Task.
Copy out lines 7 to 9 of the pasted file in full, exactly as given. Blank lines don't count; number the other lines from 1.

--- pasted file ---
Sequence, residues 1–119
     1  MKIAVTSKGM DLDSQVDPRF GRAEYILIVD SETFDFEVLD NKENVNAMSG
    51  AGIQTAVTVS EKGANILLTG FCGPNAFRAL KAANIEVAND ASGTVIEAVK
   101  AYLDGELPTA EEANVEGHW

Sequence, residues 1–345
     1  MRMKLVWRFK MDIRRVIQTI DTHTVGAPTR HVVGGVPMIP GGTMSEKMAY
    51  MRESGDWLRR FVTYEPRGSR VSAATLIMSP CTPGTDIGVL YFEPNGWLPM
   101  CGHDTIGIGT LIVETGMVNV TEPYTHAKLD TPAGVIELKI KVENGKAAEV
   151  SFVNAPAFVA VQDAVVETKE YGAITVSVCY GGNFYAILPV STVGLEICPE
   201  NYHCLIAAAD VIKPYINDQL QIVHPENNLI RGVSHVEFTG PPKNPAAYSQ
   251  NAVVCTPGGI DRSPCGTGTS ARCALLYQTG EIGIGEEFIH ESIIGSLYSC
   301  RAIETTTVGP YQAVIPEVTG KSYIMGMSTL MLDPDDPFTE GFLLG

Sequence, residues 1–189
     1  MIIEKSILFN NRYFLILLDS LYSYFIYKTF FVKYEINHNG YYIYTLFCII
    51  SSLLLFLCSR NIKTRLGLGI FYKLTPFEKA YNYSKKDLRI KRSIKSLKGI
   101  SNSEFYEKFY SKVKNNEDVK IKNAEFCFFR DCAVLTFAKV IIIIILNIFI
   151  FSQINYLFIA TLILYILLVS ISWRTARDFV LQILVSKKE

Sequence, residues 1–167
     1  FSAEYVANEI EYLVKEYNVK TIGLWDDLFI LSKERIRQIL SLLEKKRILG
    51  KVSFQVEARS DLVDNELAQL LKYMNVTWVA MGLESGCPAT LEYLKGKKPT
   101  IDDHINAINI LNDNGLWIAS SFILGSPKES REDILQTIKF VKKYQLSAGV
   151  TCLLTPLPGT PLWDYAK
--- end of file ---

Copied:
    51  MRESGDWLRR FVTYEPRGSR VSAATLIMSP CTPGTDIGVL YFEPNGWLPM
   101  CGHDTIGIGT LIVETGMVNV TEPYTHAKLD TPAGVIELKI KVENGKAAEV
   151  SFVNAPAFVA VQDAVVETKE YGAITVSVCY GGNFYAILPV STVGLEICPE